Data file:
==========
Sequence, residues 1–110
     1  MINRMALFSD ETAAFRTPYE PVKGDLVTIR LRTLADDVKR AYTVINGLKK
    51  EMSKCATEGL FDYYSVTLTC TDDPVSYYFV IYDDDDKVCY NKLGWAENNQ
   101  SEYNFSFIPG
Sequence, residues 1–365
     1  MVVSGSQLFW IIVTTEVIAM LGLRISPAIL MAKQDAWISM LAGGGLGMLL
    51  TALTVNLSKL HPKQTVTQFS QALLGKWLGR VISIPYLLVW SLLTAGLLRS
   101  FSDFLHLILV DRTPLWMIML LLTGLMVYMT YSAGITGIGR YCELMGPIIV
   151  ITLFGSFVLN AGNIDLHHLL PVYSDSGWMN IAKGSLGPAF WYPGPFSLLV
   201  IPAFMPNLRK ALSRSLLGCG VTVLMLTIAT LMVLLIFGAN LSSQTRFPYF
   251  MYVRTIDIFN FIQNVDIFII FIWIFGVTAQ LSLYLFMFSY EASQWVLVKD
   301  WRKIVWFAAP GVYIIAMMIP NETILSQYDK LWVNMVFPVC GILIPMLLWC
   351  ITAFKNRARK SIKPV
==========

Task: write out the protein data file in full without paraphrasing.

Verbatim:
Sequence, residues 1–110
     1  MINRMALFSD ETAAFRTPYE PVKGDLVTIR LRTLADDVKR AYTVINGLKK
    51  EMSKCATEGL FDYYSVTLTC TDDPVSYYFV IYDDDDKVCY NKLGWAENNQ
   101  SEYNFSFIPG
Sequence, residues 1–365
     1  MVVSGSQLFW IIVTTEVIAM LGLRISPAIL MAKQDAWISM LAGGGLGMLL
    51  TALTVNLSKL HPKQTVTQFS QALLGKWLGR VISIPYLLVW SLLTAGLLRS
   101  FSDFLHLILV DRTPLWMIML LLTGLMVYMT YSAGITGIGR YCELMGPIIV
   151  ITLFGSFVLN AGNIDLHHLL PVYSDSGWMN IAKGSLGPAF WYPGPFSLLV
   201  IPAFMPNLRK ALSRSLLGCG VTVLMLTIAT LMVLLIFGAN LSSQTRFPYF
   251  MYVRTIDIFN FIQNVDIFII FIWIFGVTAQ LSLYLFMFSY EASQWVLVKD
   301  WRKIVWFAAP GVYIIAMMIP NETILSQYDK LWVNMVFPVC GILIPMLLWC
   351  ITAFKNRARK SIKPV